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Internet Policy

As the Executive Branch agency responsible for advising the President on telecommunications and information policy issues, NTIA is committed to the continued growth of the Internet. As the Internet evolves, new challenges emerge. Working with other stakeholders, NTIA is developing policies to preserve an open, interconnected global Internet that supports continued innovation and economic growth, investment, and the trust of its users. This multistakeholder model of Internet policymaking – convening government, the private sector, and civil society to address issues in a timely and flexible manner – has been responsible for the past success of the Internet and is critical to its future.

Among other efforts, NTIA plays a leading role in the Commerce Department's Internet Policy Task Force, which is conducting a comprehensive policy review related to online privacy, copyright protection, cybersecurity, and the global free flow of information with the goal of ensuring that the Internet remains open for innovation.

NTIA also actively leads and participates in interagency efforts to develop Internet policy. In addition, NTIA works with other governments and international organizations to discuss and reach consensus on relevant Internet policy issues.

Related content


NTIA Releases Minimum Elements for a Software Bill of Materials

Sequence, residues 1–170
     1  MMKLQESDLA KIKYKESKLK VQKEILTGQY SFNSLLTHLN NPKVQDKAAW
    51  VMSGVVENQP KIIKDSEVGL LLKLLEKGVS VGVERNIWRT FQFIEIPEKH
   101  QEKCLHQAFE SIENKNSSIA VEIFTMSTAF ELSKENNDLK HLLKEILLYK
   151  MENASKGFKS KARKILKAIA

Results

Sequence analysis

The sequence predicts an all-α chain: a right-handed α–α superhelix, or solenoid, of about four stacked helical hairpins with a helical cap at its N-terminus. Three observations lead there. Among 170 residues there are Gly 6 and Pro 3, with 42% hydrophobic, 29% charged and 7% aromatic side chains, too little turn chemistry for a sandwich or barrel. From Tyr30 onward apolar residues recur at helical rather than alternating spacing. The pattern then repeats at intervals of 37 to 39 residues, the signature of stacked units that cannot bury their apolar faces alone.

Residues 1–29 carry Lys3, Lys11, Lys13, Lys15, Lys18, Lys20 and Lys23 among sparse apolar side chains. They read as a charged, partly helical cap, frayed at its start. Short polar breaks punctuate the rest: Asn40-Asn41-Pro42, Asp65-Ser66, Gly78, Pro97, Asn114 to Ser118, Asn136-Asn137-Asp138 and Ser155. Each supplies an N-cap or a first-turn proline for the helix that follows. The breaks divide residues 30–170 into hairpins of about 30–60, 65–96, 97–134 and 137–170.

July 12, 2021

In his Executive Order (EO) on Improving the Nation’s Cybersecurity, President Biden identified the prevention, detection, assessment and remediation of cyber incidents as a top priority of his Administration. The Commerce Department and NTIA were directed by the EO to publish the minimum elements for a Software Bill of Materials (SBOM), a key tool to help create a more transparent and secure software supply chain. As the President notes, “the trust we place in our digital infrastructure should be proportional to how trustworthy and transparent that infrastructure is.”

An SBOM provides those who produce, purchase, and operate software with information that enhances their understanding of the supply chain. Though an SBOM won’t solve all software security problems, it offers the potential to track known newly emerged vulnerabilities and risks, and it can form a foundational data layer on which further security tools, practices, and assurances can be built.

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